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One thing that I have learned is that Boris Johnson is very good at making speeches and saying things out loud, but what he actually delivers is never what he has said. It is a matter of trust.
During the recent parliamentary recess, I became keenly aware that many of my constituents were growing increasingly concerned about the potential ramifications that leaving the EU could bring, and how it will affect their communities and families. Not only are they facing possible food shortages, increased electricity and gas prices and more expensive medication, but dragging Scotland out of the EU against our will opens the door for our communities to lose those valued and contributing members.
My wife has three long-term conditions, so the looming Brexit dark cloud appears darker still to me as most of Stacey’s medication comes from mainland Europe. I have had reassurance from the Scottish Government that it is working to sort the situation out, but there are people in the UK Government to worry about, which does not fill me with confidence. Many families who are dealing with long-term conditions have that fear, and I say frankly that they have all lost faith in Westminster.
The recent Migration Advisory Committee report, which was commissioned by the UK Government, dispels many myths about the economic impact of EU migrants under freedom of movement. I will be clear: EU citizens are not a drain on public services or on public finances. The truth is the contrary. It is clear from the report that, overall, immigration has made the UK a more productive economy and a more prosperous nation.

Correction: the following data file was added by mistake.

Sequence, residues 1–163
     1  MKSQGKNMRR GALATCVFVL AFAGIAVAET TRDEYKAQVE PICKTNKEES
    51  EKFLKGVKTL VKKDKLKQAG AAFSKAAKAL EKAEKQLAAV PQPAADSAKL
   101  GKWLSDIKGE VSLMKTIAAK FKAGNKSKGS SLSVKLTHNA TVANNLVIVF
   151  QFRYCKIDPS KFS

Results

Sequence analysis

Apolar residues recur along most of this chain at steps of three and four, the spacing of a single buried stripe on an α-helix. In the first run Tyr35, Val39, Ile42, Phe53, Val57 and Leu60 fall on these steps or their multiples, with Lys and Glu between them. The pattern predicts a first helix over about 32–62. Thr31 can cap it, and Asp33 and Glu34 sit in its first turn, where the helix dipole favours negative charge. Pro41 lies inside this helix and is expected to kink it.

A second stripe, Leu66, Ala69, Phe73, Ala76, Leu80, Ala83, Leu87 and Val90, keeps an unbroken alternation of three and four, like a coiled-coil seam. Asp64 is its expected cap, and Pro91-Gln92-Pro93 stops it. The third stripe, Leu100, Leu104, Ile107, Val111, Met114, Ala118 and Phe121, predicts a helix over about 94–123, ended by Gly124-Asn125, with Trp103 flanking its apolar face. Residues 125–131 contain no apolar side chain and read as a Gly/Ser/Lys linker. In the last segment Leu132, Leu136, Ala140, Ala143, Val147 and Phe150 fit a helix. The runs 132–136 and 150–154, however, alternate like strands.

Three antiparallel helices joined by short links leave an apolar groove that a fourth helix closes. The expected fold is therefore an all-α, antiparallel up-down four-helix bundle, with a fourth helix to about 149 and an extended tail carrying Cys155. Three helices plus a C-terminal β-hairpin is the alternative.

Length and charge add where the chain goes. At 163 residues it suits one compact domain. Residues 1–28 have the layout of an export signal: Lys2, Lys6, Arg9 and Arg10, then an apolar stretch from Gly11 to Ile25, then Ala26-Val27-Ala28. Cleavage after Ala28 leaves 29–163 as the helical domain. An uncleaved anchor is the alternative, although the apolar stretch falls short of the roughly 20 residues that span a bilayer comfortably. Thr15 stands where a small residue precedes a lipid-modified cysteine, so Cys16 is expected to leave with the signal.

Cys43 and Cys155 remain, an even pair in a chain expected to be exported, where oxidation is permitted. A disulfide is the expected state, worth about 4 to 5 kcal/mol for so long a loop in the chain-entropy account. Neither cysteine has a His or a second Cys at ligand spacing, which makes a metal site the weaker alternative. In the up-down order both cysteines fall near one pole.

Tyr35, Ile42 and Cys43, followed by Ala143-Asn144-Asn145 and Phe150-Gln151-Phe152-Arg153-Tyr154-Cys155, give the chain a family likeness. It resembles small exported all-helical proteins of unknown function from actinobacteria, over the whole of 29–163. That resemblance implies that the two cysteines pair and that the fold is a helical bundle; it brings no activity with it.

Approximately 5.2 per cent of Scotland’s total workforce is made up of EU migrants. The rural economy in particular relies on people from all over the EU. I will name but a few examples. Up to 10,000 EU citizens are employed in the food and drink industry in Scotland. We know how important that industry is to us. About 10,000 non-UK seasonal migrant workers are employed in the soft fruit and vegetables sector, and more than 4,500 EU citizens work in Scotland’s fishing industry. Others work in food standards. In all seriousness, EU nationals are vital to our economy and our way of life, here in Scotland. We are all proud of our tourism industry, and an estimated 21,000 EU citizens are employed in that sector.
We live in uncertain times, but I want EU nationals in Scotland to be under no illusions about the fact that we value every one of them. I hope that EU citizens will call our country their home for years to come. For me, it is quite simple: many EU citizens live in my constituency and because they choose Paisley as their home, they are as much Paisley buddies as I am.